My son accidentally put a length of
black pipe in his bathtub. It is from
the faucet to the spigot. Now, when you
1st turn it on, you get a small amount
of orange water. I know, in the old
days (very old days) they sometimes used
black iron for water. Is is worth
tearing down the now finished wall to
redo the pipe, or will it rust so far
and quit? He probably will sell the
house in a year or so. Thanks.
Just be happy it is only the bathtub. If it were a drinking source like a
sink, it might be worth it but most people shower or run the tap for a
minute before filling a tub so I doubt it would be noticed. It will
continue to rust but many years will pass before that would be a problem.
I'm not a plumber, but can't you just remove the spigot and take out
the black pipe? I thought they were threaded in the wall and part of
it sticks out of the finished wall,so there is no need to do any demo.
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On Mon, 25 Jul 2005 19:51:56 -0400, "wkearney99"
Yeah, sure, if it's not been tiled over.
He did say "finished wall".
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That or use the other side of the wall if it's an interior wall.
Yeah, learning this after tile was installed would also indicate there
probably wasn't a permit filed for it, let alone an actual inspection.
Always good to check with the permitting office BEFORE buying a home to see
if they filed the right permits for the work.
I am not sure what pipe you mean. Is it the pipe between the faucet
and the shower head? If that's the one, just leave it. There is only
water in that pipe when the shower is being used and the pipe will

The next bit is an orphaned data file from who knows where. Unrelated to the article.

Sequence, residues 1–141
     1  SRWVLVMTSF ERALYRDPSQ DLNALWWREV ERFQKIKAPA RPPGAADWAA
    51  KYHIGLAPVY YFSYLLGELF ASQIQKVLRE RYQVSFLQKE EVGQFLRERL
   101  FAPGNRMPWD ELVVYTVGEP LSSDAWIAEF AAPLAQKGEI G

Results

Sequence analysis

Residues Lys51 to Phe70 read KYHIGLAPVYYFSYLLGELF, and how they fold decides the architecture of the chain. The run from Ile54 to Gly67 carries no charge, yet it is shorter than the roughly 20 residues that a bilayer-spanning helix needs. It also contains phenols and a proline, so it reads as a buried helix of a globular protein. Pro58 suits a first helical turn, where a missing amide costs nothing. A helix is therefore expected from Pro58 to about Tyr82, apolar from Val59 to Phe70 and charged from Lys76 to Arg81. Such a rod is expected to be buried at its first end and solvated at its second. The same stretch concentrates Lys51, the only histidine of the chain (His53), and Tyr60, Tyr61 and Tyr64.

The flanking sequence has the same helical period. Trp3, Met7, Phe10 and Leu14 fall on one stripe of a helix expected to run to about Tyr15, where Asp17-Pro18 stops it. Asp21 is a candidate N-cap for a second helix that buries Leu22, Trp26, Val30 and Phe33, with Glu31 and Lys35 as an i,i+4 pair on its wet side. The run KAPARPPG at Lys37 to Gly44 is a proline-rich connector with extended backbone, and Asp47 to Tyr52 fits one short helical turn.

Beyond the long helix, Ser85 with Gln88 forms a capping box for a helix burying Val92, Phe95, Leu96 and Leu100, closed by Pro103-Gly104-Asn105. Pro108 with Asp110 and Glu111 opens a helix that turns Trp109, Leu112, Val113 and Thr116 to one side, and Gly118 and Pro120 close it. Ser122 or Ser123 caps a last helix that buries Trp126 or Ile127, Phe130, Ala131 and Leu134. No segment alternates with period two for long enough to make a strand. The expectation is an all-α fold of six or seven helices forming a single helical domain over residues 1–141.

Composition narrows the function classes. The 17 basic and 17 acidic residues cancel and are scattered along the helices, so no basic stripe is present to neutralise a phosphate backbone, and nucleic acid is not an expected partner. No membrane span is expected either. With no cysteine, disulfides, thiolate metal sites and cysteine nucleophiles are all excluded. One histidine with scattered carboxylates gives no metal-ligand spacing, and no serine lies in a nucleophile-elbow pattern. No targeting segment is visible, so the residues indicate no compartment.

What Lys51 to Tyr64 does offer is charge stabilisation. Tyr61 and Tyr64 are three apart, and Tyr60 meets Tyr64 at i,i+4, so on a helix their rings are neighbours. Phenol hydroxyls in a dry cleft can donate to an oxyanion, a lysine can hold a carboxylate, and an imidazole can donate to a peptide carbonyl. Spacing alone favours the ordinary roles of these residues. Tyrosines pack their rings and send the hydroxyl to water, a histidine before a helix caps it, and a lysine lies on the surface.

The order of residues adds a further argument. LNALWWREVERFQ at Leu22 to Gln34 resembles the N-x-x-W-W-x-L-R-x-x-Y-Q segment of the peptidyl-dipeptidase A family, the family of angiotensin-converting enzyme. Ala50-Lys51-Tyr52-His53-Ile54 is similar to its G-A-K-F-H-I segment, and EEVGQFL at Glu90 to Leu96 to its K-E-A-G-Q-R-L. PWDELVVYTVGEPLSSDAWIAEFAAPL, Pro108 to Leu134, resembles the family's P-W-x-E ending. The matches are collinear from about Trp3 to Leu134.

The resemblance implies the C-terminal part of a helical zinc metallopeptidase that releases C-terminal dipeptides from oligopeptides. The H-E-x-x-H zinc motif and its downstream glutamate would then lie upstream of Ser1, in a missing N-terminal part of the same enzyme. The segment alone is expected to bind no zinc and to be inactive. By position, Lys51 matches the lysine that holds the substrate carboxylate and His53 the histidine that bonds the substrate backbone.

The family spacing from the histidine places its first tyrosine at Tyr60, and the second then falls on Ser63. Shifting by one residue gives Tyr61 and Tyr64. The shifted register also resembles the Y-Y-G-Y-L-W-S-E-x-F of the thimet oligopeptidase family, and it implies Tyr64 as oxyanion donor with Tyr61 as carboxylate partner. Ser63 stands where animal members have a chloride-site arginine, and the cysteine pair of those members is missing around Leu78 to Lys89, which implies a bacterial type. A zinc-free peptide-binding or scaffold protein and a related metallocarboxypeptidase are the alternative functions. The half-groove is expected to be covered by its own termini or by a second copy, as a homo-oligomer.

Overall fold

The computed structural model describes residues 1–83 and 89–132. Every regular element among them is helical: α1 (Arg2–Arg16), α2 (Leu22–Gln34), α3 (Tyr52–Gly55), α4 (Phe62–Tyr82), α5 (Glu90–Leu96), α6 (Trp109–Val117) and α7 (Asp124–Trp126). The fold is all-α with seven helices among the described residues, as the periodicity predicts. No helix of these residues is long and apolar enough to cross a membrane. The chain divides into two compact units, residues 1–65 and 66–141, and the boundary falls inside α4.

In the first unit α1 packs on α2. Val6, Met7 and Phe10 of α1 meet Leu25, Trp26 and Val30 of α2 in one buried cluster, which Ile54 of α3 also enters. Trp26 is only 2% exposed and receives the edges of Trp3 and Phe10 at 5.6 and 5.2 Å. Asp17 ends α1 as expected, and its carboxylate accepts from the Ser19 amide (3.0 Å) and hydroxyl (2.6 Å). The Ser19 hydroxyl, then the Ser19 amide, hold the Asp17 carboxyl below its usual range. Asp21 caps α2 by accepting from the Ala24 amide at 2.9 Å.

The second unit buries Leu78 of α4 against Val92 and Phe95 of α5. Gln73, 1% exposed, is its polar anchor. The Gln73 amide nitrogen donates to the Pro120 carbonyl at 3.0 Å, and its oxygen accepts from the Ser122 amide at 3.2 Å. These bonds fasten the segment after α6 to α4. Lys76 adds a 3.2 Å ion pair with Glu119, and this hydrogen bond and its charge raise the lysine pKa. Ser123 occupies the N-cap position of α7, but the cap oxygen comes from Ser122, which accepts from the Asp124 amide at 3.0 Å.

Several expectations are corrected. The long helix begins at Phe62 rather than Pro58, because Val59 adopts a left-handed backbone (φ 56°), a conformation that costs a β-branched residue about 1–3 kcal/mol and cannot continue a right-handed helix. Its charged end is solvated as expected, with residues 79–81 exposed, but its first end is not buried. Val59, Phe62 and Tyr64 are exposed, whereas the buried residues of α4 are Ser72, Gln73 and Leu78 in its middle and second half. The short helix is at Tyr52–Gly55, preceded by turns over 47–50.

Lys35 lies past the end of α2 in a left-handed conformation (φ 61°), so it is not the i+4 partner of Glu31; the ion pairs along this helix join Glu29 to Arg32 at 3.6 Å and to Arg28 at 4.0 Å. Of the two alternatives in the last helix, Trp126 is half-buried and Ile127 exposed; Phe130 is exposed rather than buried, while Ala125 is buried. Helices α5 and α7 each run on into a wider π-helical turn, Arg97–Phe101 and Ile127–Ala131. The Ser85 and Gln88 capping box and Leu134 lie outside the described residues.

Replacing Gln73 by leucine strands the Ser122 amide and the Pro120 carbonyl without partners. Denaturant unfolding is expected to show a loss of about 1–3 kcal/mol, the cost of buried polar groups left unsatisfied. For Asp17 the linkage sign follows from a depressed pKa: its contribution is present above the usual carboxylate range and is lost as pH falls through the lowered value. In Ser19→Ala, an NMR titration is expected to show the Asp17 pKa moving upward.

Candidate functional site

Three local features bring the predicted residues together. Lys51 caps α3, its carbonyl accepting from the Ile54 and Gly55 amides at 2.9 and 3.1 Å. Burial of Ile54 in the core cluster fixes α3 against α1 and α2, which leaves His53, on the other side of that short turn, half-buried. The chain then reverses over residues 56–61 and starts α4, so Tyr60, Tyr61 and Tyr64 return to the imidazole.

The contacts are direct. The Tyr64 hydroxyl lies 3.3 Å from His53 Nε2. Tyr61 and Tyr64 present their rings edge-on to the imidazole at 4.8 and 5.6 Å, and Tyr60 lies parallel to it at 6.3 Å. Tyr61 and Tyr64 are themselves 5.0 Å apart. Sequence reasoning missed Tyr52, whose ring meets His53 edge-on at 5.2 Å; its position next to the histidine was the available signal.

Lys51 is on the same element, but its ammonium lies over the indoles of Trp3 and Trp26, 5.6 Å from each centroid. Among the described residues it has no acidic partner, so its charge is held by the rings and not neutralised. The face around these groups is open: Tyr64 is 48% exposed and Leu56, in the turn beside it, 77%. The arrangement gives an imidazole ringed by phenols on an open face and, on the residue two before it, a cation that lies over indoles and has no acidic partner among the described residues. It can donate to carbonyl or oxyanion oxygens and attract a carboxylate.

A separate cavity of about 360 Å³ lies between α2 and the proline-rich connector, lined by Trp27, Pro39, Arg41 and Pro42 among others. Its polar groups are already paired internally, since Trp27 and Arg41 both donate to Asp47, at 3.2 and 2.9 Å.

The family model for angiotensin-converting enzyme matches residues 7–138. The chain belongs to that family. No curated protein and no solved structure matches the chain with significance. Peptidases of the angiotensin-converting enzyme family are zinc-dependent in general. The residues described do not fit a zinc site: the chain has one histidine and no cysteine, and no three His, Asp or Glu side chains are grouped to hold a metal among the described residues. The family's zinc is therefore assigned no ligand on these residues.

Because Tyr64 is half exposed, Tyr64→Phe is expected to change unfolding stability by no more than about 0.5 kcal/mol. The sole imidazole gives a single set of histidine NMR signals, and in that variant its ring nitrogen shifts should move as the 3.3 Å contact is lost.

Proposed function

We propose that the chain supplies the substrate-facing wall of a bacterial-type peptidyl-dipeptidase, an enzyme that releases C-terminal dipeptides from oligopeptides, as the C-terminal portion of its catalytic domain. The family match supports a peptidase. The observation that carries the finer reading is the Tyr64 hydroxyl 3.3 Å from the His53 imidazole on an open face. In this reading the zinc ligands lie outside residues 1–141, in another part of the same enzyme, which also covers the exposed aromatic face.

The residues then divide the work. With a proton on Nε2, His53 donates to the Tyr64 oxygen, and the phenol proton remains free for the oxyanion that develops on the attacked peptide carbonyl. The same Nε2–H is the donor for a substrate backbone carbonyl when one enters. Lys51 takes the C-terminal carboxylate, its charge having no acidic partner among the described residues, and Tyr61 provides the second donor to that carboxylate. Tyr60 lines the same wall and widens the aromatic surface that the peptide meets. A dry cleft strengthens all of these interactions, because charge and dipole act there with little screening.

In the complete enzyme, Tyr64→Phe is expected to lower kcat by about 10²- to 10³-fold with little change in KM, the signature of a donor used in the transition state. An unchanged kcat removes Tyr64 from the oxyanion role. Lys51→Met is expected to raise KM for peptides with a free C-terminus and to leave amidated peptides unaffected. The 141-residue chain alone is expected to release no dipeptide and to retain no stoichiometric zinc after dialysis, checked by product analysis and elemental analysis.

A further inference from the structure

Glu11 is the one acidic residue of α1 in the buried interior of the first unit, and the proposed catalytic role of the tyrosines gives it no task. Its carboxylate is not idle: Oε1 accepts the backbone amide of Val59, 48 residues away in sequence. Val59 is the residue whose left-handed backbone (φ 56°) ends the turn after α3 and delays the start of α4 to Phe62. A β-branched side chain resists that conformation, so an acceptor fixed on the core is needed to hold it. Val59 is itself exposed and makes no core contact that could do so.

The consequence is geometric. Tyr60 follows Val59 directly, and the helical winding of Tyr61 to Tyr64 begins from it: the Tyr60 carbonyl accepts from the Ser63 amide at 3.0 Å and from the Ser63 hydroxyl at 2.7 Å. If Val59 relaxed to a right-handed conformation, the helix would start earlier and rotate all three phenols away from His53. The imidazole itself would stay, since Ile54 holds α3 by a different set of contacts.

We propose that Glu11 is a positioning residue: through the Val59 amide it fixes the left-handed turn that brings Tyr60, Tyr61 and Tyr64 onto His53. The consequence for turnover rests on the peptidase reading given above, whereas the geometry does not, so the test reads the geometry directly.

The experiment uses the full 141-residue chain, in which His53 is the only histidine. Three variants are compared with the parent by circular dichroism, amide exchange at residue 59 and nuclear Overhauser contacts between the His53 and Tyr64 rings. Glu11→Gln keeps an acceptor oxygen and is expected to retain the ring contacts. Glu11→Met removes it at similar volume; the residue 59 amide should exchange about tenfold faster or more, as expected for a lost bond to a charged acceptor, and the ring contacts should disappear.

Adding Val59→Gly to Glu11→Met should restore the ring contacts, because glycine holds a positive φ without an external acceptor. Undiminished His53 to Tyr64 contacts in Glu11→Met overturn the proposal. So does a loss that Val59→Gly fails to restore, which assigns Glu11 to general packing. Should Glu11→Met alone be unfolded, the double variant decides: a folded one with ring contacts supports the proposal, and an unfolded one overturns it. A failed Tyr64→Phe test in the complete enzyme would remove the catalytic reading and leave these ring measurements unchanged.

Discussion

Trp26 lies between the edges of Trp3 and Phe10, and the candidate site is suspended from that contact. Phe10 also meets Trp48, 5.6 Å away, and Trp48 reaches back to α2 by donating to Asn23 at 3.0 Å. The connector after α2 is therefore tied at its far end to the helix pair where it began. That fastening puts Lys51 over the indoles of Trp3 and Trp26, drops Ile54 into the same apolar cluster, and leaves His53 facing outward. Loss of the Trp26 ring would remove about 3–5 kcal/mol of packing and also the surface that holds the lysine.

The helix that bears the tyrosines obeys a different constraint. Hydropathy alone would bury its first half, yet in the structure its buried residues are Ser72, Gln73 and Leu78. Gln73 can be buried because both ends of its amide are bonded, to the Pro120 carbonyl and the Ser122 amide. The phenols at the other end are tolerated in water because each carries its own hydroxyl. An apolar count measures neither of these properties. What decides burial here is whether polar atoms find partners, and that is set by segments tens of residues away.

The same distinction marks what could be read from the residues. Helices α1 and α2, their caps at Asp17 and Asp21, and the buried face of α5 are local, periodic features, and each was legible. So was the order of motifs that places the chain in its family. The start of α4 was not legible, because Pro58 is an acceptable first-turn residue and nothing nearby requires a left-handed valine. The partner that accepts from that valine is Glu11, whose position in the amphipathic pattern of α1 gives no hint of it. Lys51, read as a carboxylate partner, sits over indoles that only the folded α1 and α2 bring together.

last forever. You'll just need to let it run a few seconds to get rid
of the rust colored water. However, if it's connected to the water
feed from your water supply, you will eventually have a problem and
would be best to replace it.
Unpleasant memories! I had the same experience when installing a Moen
single handle tub/shower several years ago. The installation instructions
say, "Caution, use 1/2" iron pipe for tub drop." This is the vertical pipe
from the valve down to the elbow and nipple that support the tub spout. I,
of course, followed the instructions exactly. Since all the other plumbing
and fittings are copper or brass, I got the galvanic action and lots of rust
in our softened water. Learning of the problem after the installation was
complete, I had to open the wall and replace that piece of pipe with brass
to provide equivalent rigidity.
I cannot understand why Moen would make such a directive when copper
plumbing has been the standard for many years.
Incidentally, if the problem is not corrected, it may produce rather
persistent rust stains on the tub.
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